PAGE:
Tax Time, James Patterson,

Tax Man
It's show time for SE, who orders and puts out on tables the most needed tax forms.  Printed tax forms, like lots of other printed government forms, are going away.  Uncle Sam wants you to file online.  And if you can't take the hint, the local IRS office has moved out of the convenient City Center building, (which houses local offices of Fed agencies across the street from the main library), to an obscure location on the east side, following the Social Security office, which did the same a couple of years ago.

Unfortunately, if you want to "e-file" at the library using the TurboTax program that the IRS links to, not all of our public access PC's meet TurboTax's system requirements.  Minimum requirements are Windows XP and Internet Explorer 6.  Many of the older public access PC's in Adult Services on the second floor still have Windows 2000, so we have to give e-filers who get one of them another session downstairs in Tech/Media, which has newer PC's.

The intrepid AARP volunteers will begin their tax help service on Monday, February 1st, filing returns online.

The NYT had a very interesting article about James Patterson in the Sunday Magazine.  Love him or hate him, Patterson seems to have found the sweet spot for popular fiction.  He has a huge following, and he has contracted with Little Brown to deliver an astonishing 17 titles, adult and juvenile, in the coming year.  He has an advertising background.  He has thought about what "ordinary" people like to read, people who otherwise find books intimidating.  And he's gotten rich writing for them.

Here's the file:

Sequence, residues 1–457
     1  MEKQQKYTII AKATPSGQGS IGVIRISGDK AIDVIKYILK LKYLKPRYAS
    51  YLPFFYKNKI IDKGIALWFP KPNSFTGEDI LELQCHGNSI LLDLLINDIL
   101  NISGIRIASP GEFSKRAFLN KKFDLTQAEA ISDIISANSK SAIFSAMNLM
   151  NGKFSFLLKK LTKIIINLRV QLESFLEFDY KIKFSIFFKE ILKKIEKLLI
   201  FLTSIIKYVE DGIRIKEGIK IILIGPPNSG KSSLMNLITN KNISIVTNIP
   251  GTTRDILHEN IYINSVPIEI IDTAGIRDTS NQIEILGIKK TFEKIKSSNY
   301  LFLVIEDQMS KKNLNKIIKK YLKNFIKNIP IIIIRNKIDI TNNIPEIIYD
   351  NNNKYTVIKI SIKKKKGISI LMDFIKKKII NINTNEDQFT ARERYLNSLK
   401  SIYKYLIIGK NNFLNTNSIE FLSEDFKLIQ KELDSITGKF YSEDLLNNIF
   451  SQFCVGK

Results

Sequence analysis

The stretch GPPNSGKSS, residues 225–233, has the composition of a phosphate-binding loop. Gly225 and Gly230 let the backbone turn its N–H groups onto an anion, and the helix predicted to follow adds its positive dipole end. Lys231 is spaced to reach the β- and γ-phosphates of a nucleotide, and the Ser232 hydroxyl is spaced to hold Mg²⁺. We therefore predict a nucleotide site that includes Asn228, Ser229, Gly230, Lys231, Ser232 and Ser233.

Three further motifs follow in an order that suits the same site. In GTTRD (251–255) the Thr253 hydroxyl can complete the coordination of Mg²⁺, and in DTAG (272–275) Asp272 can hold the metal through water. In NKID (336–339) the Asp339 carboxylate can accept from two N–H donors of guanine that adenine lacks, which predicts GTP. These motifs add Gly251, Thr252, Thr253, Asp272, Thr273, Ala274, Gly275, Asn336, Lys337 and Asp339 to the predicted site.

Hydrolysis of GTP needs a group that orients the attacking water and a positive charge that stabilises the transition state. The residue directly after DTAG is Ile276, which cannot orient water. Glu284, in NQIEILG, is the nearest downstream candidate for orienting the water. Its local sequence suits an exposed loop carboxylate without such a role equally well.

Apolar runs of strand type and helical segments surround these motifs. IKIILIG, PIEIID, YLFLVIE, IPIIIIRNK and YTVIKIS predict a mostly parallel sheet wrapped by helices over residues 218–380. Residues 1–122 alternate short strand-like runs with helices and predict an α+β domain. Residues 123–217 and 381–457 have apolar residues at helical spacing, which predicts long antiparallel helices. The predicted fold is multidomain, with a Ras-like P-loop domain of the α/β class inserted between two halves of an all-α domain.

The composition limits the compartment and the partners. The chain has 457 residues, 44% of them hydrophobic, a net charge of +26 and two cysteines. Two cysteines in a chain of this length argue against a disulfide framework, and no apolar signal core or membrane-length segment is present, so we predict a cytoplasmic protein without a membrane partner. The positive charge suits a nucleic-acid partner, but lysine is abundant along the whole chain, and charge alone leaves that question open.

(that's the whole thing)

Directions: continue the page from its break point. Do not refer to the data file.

The library has "new" shelves, where readers can browse fiction releases for the last twelve months.  In the past, bestseller authors typically released two titles per year, spring and fall.  Patterson has become an invasive species, whom we must prune aggressively, so that he will not grab too much "new" shelf space. 

Is there a problem here?  I don't think so.  We purchase and lease many copies of bestsellers to meet popular demand.  It is instrumental in ensuring popular support for the library.  That support translates into budget dollars to buy other, worthwhile titles that are not so much in demand.  And Patterson readers can grow into all around readers, as I have seen in the past with readers who started with Stephen King.

His books all share stylistic similarities. They are light on atmospherics and heavy on action, conveyed by simple, colloquial sentences.  “I don’t believe in showing off,” Patterson says of his writing. “Showing off can get in the way of a good story.”
 He avoids description, back story and scene setting whenever possible, preferring to hurl readers into the action and establish his characters with a minimum of telegraphic details.
Contrast this with a book like Christopher Koch's The Memory Room, which opens with pages of detailed, vivid description, and scarcely any action at all, apart from the memories that the setting evokes in the mind of the narrator.  This, to me, is nectar, and would probably be boring as hell for your Patterson reader.

Koch, an Australian writer, is practically unknown here except for The Year of Living Dangerously, which became a successful film.  A native Tasmanian of Irish Catholic descent, he is a rare bird.

I had to put The Memory Room aside, as the fourth volume of A. N. Wilson's Lampitt Chronicles, Hearing Voices, came in on interlibrary loan.

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